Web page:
The housing news this week has been a mixed bag, with good news on interest rates and a decline in new housing starts offset by a drop in new mortgage applications and with Freddie Mac and Fannie Mae following the lead of Citigroup, JP Morgan Chase and Bank of America in announcing a foreclosure freeze.
Thursday Freddie Mac and Fannie Mae followed the lead of many large private lenders and announced a 6-week moratorium on foreclosures and evictions of occupied homes, which will provide some temporary relief to the fire sale mentality in some districts. The move is practical as well as humanitarian as it will provide an opportunity for some of these homeowners to qualify for housing bailout refinance loans and for the lender’s workout departments to help avert some foreclosures in other ways. For more information about workout options and avoiding foreclosure see this page.
The Mortgage Bankers Association reported Fixed Rate Mortgage (FRM) rates down and 1-year Adjustable Rate Mortgage (ARM) rates up for the week ending November 14 and Freddie Mac reported rates down across the board for the week ending November 20. The Mortgage Bankers Association also reported a 12.6% drop in new applications for home purchase mortgages. Refinance applications rose 2.6%.
Housing starts fell last month as builder sentiment hit another record low with Wells Fargo/National Association of Homebuilders reporting its Housing Market Index at 9. The index of sales expectations held steady.
Freddie Mac attributed the drop in interest rates to continued signs of economic weakness, which reduce bond market inflation fears, and noted that:
the Federal Reserve during its October 28-29 committee meeting lowered its economic growth forecasts for 2008 and 2009, according to its minutes released this week.
Possibly one of the best signs for the mortgage market and, eventually by extension, the housing market has been the recent narrowing of the gap between the Freddie Mac conforming 1-year ARMs and the Mortgage Bankers Association’s 1-year ARM average, which includes jumbos and other non-conforming mortgages. The MBAA rate had been reported above 7% even as the longer term rates were under 6%. Though the rate is still higher than the long term rates, there’s been a significant drop that indicates some improvement in the market for these loans.
Mortgage Bankers Association Average Mortgage Rates At a Glance
30-year FRM: 6.16%, 1.24 points*
15-year FRM: 5.87%, 1.24 points
1-year ARM: 6.80%, 0.63 points
Freddie Mac Conforming Rates At a Glance
- 30-year FRM: 6.04%, 0.7 point
- 15-year FRM: 5.73%, 0.7 point
- 5-year hybrid ARM: 5.87%, 0.6 point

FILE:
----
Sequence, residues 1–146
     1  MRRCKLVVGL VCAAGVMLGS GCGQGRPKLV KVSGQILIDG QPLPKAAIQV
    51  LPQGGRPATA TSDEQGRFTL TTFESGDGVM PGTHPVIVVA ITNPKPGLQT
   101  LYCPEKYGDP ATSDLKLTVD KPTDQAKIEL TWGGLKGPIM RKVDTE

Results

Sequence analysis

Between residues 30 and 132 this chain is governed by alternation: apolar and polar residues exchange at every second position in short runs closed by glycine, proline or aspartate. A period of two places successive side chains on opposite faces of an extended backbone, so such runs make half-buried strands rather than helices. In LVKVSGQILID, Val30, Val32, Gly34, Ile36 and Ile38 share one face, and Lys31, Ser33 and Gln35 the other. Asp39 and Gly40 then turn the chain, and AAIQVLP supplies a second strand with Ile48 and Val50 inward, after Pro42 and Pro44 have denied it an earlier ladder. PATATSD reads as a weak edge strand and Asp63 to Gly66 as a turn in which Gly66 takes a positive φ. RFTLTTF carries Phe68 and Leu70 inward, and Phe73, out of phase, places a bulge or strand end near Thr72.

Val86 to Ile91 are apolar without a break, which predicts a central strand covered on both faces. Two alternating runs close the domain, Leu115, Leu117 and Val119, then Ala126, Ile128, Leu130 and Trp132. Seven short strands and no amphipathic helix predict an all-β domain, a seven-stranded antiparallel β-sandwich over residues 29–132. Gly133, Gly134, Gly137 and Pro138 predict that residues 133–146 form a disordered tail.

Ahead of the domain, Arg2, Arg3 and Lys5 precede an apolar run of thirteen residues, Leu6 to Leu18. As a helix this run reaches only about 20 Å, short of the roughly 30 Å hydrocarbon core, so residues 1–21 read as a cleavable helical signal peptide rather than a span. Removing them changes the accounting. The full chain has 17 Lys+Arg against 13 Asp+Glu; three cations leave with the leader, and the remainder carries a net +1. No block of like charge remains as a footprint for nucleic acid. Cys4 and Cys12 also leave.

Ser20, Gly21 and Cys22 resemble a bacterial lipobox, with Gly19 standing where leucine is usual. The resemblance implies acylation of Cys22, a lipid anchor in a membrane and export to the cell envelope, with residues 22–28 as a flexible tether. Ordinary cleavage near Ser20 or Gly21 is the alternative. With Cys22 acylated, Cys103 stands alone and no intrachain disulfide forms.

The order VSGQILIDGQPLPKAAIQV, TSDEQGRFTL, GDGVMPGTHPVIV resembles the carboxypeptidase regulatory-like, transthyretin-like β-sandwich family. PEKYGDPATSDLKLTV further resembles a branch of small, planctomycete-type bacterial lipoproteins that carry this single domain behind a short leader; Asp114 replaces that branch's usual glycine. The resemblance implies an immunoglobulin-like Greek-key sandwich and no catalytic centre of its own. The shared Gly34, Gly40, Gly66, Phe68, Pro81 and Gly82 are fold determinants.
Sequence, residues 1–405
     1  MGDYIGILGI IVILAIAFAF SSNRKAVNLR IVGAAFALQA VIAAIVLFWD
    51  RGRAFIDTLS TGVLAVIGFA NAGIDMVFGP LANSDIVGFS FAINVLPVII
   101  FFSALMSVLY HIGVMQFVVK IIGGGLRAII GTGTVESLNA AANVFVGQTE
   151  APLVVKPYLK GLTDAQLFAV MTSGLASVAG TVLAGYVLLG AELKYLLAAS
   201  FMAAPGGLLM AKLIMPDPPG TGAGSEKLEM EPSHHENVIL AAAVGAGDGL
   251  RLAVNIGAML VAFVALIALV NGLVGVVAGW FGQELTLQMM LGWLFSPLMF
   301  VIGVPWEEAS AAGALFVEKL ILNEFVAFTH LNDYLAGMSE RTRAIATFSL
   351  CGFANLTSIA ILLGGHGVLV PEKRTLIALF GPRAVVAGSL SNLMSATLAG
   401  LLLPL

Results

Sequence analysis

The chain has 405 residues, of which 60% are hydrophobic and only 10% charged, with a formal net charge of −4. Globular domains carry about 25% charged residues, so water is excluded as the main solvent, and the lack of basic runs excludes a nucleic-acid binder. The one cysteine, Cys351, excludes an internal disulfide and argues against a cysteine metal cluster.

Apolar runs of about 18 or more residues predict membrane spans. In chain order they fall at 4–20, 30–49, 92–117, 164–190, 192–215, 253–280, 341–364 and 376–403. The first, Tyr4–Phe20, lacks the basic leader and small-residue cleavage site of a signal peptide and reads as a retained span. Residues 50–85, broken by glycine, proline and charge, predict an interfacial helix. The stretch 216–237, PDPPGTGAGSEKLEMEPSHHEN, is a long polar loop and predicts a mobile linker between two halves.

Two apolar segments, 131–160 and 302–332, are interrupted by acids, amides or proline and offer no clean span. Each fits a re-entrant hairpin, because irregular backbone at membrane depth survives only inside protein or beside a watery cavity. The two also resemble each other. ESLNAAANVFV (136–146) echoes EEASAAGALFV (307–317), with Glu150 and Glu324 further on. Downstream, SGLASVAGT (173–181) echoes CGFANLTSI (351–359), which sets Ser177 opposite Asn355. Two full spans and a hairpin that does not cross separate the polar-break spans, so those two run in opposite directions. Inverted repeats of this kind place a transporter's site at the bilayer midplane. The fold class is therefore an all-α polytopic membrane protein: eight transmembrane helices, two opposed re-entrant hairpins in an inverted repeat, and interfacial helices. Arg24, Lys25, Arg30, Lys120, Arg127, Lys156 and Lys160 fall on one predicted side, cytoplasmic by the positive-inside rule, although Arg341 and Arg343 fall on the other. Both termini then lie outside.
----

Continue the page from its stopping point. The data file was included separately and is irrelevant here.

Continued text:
- 1-year ARM: 5.29%, 0.5 point
* Points reported by Mortgage Bankers Association in this survey include origination fees as well as traditional discount points. Average rates are based on an 80% LTV loan. This means a loan amount no more than 80% of the property value as determined by the lower of the purchase price or appraised value. Typically this means a 20% down payment, though an 80% loan can also be achieved with a second mortgage carried by the seller or a third party lender for the difference between the actual down payment and 20%.
[tags]housing market,mortgages,mortgage market,mortgage rates,subprime[/tags]
LONG-TERM MORTGAGE RATES DOWN FOR THIRD CONSECUTIVE WEEK
McLean, VA – Freddie Mac (NYSE:FRE) today released the results of its Primary Mortgage Market Survey® (PMMS®) in which the 30-year fixed-rate mortgage (FRM) averaged 6.04 percent with an average 0.7 point for the week ending November 20, 2008, down from last week when it averaged 6.14 percent. Last year at this time, the 30-year FRM averaged 6.20 percent.
The 15-year FRM this week averaged 5.73 percent with an average 0.7 point, down from last week when it averaged 5.81 percent. A year ago at this time, the 15-year FRM averaged 5.83 percent.
Five-year Treasury-indexed hybrid adjustable-rate mortgages (ARMs) averaged 5.87 percent this week, with an average 0.6 point, down from last week when it averaged 5.98 percent. A year ago, the 5-year ARM averaged 5.88 percent.
One-year Treasury-indexed ARMs averaged 5.29 percent this week with an average 0.5 point, down from last week when it averaged 5.33 percent. At this time last year, the 1-year ARM averaged 5.42 percent.
(Average commitment rates should be reported along with average fees and points to reflect the total cost of obtaining the mortgage.)
“Long- and short-term mortgage rates fell for the third consecutive week amid continuing signs of a slowing economy,” said Frank Nothaft, Freddie Mac vice president and chief economist. “Retail sales fell for the fourth straight month in October and consumer sentiment remained near a 28-year low in November.
“In fact, the Federal Reserve during its October 28-29 committee meeting lowered its economic growth forecasts for 2008 and 2009, according to its minutes released this week.”
FREDDIE MAC SUSPENDS ALL FORECLOSURE SALES OF OCCUPIED HOMES FROM DAY BEFORE THANKSGIVING UNTIL JANUARY 9, 2009
McLean, VA – Freddie Mac (NYSE: FRE) today announced it has ordered its national network of mortgage servicers and foreclosure attorneys to suspend all foreclosure sales and evictions involving occupied single family and 2-4 unit properties with Freddie Mac-owned mortgages between November 26, 2008 and January 9, 2009. The suspension will help servicers implement the Streamlined Modification Program recently announced by Freddie Mac, Fannie Mae, the Federal Housing Finance Agency (FHFA), HOPE Now and 27 mortgage servicers. The temporary suspension is also expected to give servicers more time to help borrowers avoid foreclosure.